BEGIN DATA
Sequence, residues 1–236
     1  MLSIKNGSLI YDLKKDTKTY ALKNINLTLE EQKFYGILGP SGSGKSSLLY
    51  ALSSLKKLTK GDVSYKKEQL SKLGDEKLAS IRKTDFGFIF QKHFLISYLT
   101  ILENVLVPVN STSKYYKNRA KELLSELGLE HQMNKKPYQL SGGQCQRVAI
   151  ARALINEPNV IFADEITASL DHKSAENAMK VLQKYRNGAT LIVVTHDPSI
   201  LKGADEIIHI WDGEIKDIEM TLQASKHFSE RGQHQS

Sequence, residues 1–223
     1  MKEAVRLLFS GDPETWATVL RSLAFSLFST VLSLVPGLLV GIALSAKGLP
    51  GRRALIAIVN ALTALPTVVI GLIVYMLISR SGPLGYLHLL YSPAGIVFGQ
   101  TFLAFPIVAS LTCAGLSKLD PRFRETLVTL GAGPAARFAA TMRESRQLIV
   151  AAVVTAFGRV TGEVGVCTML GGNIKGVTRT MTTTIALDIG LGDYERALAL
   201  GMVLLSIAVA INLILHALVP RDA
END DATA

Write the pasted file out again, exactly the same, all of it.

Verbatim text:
Sequence, residues 1–236
     1  MLSIKNGSLI YDLKKDTKTY ALKNINLTLE EQKFYGILGP SGSGKSSLLY
    51  ALSSLKKLTK GDVSYKKEQL SKLGDEKLAS IRKTDFGFIF QKHFLISYLT
   101  ILENVLVPVN STSKYYKNRA KELLSELGLE HQMNKKPYQL SGGQCQRVAI
   151  ARALINEPNV IFADEITASL DHKSAENAMK VLQKYRNGAT LIVVTHDPSI
   201  LKGADEIIHI WDGEIKDIEM TLQASKHFSE RGQHQS

Sequence, residues 1–223
     1  MKEAVRLLFS GDPETWATVL RSLAFSLFST VLSLVPGLLV GIALSAKGLP
    51  GRRALIAIVN ALTALPTVVI GLIVYMLISR SGPLGYLHLL YSPAGIVFGQ
   101  TFLAFPIVAS LTCAGLSKLD PRFRETLVTL GAGPAARFAA TMRESRQLIV
   151  AAVVTAFGRV TGEVGVCTML GGNIKGVTRT MTTTIALDIG LGDYERALAL
   201  GMVLLSIAVA INLILHALVP RDA